This blog was written by Susannah Hares, Co-Director of Education Policy and Senior Policy Fellow, Center for Global Development (CGDev), and Professor Pauline Rose, Director of the Research for Equitable Access and Learning (REAL) Centre at the University of Cambridge. It was originally published on the CGDev website on 23 April 2021.

2021 was to be the year in which the UK took leadership of global education. So it’s devastating that, instead of demonstrating its commitment to education during this moment in the spotlight, the UK government has chosen to cut education spending by more than 40 percent, compared with overall aid cuts of around 25 percent.

The UK chairs the G7 this year. The government has committed to using the platform to boost global education. Later in the summer, prime minister Boris Johnson, alongside Uhuru Kenyatta, the president of Kenya, will chair the replenishment of the Global Partnership for Education, a key moment for the global community to come together to support education for every child, everywhere. Both summits take place against the backdrop of the COVID-19 pandemic, which has disrupted education for children in almost every country, and will constrain domestic education resources in some of the poorest countries.

The cuts announced this week show that the UK government’s ambitions and rhetoric on education are not matched by its actions.

The UK is one of the largest donors to basic education

The UK is one of the most generous donors to education and is the second highest bilateral donor to basic education (figure 1).

Figure 1

Figure 1. Average annual disbursements to education over 2017-2019 (GBP billions, constant 2018). Source: authors’ analysis of OECD-CRS. Note: shown for bilateral donors that disburse >2% of annual bilateral average over period 2017-2019. Sorted by total contribution to Basic. “General” includes teacher training, education facilities and training, educational research and education policy & administrative management.

The UK generally spends education aid well. Aid is targeted toward countries with high need, with Pakistan, Ethiopia, Nigeria being large recipients of education money and countries with among the highest numbers of children out of school. The UK is already an influential actor in the global education aid architecture, and wants to further increase its influence in domestic policy, using its diplomatic network, the cutting edge research it generates, and its skilled cadre of advisers. Cutting aid to education could undermine the government’s efforts to influence developing country partners to prioritize education as well as its efforts to fundraise for the Global Partnership for Education.

Smoke and mirrors hide the education cuts

On Wednesday, the UK foreign secretary Dominic Raab announced that the FCDO will spend £400 million on girls’ education in 2021. Unpacking what’s behind that figure, and how it compares with previous years’ spending, requires some detective work.

The foreign secretary’s statement provided the total allocation for 2021 by “thematic area” (table 1), which are not existing categories in UK aid spending. This lack of transparency makes it challenging to compare 2021 allocations with previous years. Our analysis suggests that the £400 million commitment to girls’ education comprises all planned spending by the FCDO on education, including any disbursements to the Global Partnership for Education in 2021 (Global Partnership for Education disbursements are included in official bilateral spending figures). It is important that the FCDO clarifies this assumption.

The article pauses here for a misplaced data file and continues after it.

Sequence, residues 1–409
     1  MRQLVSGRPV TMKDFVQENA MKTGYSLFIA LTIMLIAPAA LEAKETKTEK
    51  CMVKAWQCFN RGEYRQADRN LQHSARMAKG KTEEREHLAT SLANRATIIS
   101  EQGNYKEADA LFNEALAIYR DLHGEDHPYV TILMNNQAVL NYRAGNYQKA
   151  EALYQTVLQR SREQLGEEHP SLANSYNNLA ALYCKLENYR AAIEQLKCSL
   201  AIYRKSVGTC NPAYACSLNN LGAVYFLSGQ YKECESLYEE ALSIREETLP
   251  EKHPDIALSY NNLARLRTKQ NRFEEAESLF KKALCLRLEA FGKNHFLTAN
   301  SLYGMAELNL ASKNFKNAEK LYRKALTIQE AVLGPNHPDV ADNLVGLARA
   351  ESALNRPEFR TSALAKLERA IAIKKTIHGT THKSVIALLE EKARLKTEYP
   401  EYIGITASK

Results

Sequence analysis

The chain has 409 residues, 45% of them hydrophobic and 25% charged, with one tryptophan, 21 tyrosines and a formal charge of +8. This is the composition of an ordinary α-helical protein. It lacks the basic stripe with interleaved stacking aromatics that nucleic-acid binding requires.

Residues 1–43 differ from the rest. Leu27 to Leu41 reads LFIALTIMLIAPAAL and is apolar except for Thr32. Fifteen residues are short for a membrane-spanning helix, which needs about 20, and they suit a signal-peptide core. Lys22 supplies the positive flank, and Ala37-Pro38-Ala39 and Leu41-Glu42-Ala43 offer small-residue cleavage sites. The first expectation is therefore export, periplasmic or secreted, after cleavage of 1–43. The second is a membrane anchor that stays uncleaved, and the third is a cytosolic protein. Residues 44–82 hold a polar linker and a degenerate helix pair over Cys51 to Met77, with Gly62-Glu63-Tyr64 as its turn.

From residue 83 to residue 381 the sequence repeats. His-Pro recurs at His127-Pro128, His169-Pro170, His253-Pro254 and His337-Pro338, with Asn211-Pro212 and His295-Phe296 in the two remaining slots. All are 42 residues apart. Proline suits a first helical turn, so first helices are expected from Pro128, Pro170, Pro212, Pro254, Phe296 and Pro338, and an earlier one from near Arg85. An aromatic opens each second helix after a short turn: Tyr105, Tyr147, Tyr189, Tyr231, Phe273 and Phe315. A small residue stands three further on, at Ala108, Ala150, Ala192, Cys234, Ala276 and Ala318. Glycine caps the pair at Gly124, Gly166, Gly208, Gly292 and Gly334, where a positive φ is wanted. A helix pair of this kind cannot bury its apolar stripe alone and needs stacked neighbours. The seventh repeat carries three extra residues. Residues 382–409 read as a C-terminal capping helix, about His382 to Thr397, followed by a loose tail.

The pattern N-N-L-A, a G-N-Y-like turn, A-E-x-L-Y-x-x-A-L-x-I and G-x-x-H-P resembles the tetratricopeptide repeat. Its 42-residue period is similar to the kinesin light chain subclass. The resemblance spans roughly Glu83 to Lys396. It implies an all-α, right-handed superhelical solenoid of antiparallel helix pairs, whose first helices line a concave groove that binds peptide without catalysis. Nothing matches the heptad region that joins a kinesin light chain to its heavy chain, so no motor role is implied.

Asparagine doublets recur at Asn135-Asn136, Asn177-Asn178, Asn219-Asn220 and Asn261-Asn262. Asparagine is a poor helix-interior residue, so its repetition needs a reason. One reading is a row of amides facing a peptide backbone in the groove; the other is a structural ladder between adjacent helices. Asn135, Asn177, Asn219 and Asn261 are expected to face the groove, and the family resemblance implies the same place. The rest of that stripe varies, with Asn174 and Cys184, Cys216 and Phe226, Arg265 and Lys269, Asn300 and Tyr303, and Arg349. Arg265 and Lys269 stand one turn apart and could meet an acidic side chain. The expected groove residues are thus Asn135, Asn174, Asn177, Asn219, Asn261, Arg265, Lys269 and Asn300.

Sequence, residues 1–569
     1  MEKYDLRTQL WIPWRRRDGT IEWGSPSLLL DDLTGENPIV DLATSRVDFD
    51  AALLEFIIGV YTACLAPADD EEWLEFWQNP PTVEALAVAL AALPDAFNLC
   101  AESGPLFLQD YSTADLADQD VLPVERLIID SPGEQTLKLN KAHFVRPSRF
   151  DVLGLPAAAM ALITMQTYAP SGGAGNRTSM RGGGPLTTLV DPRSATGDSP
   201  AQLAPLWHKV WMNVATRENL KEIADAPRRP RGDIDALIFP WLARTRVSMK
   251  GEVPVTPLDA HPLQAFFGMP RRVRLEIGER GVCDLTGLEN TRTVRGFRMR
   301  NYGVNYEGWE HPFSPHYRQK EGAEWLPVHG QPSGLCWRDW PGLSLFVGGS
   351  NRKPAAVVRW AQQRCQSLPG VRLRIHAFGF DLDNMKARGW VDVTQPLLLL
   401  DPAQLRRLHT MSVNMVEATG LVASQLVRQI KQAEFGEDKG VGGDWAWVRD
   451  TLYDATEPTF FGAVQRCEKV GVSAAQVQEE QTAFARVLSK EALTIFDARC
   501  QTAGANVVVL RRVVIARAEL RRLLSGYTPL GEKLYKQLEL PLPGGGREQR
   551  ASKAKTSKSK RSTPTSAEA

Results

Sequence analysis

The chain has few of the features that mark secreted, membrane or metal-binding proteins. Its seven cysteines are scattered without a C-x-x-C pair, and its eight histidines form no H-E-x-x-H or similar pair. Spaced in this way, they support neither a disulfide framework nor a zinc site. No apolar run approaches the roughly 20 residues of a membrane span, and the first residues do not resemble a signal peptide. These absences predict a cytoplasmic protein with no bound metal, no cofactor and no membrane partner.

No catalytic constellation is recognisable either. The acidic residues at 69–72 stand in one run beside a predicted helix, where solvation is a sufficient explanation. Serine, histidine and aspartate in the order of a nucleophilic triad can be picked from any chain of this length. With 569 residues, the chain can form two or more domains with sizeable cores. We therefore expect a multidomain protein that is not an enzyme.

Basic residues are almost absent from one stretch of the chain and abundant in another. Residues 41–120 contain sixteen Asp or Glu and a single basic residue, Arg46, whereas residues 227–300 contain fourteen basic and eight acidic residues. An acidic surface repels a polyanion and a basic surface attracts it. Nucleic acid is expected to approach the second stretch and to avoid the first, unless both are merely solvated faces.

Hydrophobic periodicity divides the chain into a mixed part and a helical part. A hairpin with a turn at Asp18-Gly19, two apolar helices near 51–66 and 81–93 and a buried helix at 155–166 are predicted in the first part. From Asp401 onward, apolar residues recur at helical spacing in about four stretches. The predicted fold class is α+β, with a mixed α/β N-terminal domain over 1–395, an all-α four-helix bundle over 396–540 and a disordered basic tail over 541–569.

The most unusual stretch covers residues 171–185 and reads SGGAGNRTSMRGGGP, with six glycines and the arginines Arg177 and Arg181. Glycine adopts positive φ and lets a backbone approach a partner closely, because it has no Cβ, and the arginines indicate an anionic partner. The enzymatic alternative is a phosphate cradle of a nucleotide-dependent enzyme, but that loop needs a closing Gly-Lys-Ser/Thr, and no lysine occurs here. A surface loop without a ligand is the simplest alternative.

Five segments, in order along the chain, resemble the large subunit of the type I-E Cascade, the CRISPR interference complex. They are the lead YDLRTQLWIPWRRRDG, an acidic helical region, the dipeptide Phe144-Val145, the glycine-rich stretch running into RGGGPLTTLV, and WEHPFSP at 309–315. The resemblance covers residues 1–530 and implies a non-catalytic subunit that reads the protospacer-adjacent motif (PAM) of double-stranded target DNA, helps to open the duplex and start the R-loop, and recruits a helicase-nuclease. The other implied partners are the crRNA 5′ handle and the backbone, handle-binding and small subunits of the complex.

Table 1

Table 1. Thematic allocation of UK aid money 2021. Source:

The 2021 allocation to education is a 40 percent drop on previous years

To compare this year’s commitment with previous years, we have analysed bilateral spending by the FCDO (DFID) on education and its contributions to the Global Partnership for Education for the last four years, for which we have complete spending data. The average annual spend by FCDO since 2016 was £672million per year (figure 2). The 2021 commitment of £400 million, therefore, represents a cut of more than 40 percent of the four-year average, and close to 50 percent of the last year (2019/2020) for which we have full spending data’s spend.

Figure 2

Figure 2. FCDO / DFID spending on bilateral education and GPE. Source: authors’ analysis of IATI data and the Foreign Secretary’s statement to Parliament 21st April 2021. Dotted line is four-year average spend.

These cuts will be catastrophic for children in some of the poorest countries in the world

A couple of days after the UK asked world leaders to put their hands up and open their pockets for global education, it has slashed its own education aid. Education spending has been cut disproportionately to overall aid cuts (of around 25 percent), seriously undermining the UK’s leadership of the sector in this important year.

In the wake of a year of disruption for school children all over the world, with some children missing out on more than a sixth of their lifetime expected education, it’s simply devastating that the UK government has turned its back on its much-heralded commitment to global education. These cuts will have long-lasting consequences for education systems in some of the poorest countries in the world.

Thanks to Ana Minardi and Euan Ritchie for research assistance and to Sandra Baxter, Ranil Dissanayake and Ian Mitchell for helpful comments.